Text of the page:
Total per capita costs are attributed by primary care services.
Episode groups are attributed to the clinician billing the primary procedure. Only 10 such groups have been finalized for the first year.
Taking the ‘minimum possible’ approach
The easements associated with the final rule are likely welcome news to providers who found themselves unprepared for measurements taking effect in 2017. However, this could also have the unfortunate impact of leading to provider complacency. As stressed above, the plan to award bonuses and charge penalties in 2019 has not changed. A minimalistic approach to reporting quality and IA in 2017 will save providers from being hit with the 4% maximum penalty in 2019, but will not allow practitioners to maximize their bonus.16
Finally, some physicians may be willing to give up their bonuses and in fact accept the maximal financial liabilities if it means shielding them from the seemingly onerous reporting requirements of MIPS. It is important for those physicians to recognize that their performance on these various measures, by statute, will be reported to the public through an already existing freely available website called Physician Compare, a CMS website mandated by the ACA that allows patients to compare providers and group practices.26 Practices that do not participate in MIPS reporting will appear deficient compared with their peers with respect to the various final score categories, as made available through Physician Compare. The final rule does provide some respite by publishing historic PQRS data as the quality benchmarks for 2017.16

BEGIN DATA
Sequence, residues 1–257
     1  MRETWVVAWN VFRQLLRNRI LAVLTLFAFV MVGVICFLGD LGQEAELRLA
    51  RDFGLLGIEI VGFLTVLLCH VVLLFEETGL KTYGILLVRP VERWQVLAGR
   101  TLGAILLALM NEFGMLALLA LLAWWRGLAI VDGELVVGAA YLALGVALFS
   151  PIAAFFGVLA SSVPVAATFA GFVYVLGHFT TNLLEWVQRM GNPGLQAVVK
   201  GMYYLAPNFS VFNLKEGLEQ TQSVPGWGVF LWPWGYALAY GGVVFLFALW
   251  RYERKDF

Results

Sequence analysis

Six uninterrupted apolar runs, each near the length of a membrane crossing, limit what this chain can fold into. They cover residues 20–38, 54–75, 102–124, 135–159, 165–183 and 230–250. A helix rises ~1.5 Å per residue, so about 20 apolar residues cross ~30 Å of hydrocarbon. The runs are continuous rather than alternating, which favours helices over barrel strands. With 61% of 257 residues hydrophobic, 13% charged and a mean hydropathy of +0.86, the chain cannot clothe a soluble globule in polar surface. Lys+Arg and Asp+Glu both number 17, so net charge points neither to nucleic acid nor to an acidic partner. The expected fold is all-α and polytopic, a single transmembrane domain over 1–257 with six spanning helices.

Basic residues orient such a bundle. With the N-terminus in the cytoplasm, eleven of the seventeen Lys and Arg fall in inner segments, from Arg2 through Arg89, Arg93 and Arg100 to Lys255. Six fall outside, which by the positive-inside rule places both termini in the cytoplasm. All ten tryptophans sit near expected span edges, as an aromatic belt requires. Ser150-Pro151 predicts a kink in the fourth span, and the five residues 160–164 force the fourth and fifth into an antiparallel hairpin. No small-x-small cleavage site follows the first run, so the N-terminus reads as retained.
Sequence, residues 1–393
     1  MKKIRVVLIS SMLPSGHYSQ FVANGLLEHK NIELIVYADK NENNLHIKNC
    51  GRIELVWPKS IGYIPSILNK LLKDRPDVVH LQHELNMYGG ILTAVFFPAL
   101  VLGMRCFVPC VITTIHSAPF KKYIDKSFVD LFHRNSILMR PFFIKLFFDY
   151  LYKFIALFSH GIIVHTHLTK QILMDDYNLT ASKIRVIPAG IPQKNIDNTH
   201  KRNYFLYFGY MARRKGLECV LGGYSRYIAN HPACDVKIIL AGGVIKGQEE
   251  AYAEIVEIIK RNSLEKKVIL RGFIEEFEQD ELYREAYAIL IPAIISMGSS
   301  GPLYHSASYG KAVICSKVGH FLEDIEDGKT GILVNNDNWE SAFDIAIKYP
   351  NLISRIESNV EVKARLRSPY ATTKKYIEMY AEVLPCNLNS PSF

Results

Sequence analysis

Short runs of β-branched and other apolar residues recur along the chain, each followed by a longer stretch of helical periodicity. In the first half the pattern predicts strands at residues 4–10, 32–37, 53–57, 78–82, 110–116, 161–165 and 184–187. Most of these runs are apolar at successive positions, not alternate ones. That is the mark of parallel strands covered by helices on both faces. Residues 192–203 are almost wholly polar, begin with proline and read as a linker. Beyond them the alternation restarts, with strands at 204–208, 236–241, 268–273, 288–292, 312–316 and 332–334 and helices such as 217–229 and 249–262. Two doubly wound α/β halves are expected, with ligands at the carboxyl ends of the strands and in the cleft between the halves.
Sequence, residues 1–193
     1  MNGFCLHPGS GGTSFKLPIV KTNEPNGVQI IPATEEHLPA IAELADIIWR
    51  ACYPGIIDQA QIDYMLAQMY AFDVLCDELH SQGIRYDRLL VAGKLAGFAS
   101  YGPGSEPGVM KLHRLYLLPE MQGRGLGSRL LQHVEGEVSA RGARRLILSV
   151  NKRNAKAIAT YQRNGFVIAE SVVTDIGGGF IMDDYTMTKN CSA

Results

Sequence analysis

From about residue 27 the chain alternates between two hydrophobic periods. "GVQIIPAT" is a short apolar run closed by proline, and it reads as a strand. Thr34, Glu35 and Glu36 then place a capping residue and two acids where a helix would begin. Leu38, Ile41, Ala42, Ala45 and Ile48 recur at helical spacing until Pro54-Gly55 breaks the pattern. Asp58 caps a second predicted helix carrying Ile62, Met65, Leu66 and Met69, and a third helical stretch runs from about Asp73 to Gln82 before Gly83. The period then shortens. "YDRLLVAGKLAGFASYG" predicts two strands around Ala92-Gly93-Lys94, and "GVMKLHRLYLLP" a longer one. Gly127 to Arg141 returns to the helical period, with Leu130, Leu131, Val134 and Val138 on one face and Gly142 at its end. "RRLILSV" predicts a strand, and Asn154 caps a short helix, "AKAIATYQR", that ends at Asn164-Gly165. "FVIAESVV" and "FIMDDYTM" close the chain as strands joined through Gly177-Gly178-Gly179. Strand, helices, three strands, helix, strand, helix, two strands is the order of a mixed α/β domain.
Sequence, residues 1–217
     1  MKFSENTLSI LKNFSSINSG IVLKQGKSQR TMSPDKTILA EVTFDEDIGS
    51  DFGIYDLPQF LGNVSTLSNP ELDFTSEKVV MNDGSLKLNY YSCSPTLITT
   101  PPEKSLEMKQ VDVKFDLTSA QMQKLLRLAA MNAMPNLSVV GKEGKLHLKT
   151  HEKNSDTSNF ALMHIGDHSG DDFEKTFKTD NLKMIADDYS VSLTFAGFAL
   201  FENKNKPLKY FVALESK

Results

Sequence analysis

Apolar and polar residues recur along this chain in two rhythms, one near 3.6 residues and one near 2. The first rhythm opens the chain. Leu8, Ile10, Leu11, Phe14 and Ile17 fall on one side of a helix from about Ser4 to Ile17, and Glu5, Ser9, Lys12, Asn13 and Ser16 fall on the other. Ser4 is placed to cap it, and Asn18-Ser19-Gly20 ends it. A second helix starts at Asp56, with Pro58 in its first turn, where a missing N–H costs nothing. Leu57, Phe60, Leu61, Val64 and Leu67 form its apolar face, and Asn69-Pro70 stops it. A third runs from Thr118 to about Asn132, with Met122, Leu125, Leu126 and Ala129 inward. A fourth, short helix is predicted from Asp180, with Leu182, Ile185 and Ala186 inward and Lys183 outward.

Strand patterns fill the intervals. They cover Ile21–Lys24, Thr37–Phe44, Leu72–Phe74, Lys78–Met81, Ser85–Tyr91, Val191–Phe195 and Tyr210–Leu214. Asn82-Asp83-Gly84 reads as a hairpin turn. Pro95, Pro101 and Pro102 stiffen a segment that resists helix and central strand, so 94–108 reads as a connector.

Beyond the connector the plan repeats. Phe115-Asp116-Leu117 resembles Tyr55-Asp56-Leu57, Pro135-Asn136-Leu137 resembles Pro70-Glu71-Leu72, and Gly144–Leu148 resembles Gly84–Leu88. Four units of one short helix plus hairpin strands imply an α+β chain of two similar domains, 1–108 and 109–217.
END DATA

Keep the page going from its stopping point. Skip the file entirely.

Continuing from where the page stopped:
The MACRA legislation of Spring 2015 demonstrated the ability of the US government to accomplish meaningful healthcare reform. The early headlines focused on the permanent repeal of the Medicare SGR. Since then, medical professionals and many others associated with healthcare delivery have had the opportunity to focus on the implications of the new federal QPP established in MACRA. Most neurointerventional professionals will elect to participate in MIPS, with 2019 serving as the first year of part B bonuses or penalties. It is critical that neurointerventional specialists continue to familiarize themselves with the opportunities and pitfalls associated with QPP.
Contributors JAH drafted the original manuscript. All authors reviewed the draft, provided meaningful edits, and contributed to the final version.
Competing interests JAH consults for Medtronic. ABR is supported by a research grant from the Harvey L Neiman Health Policy Institute.
Provenance and peer review Not commissioned; internally peer reviewed.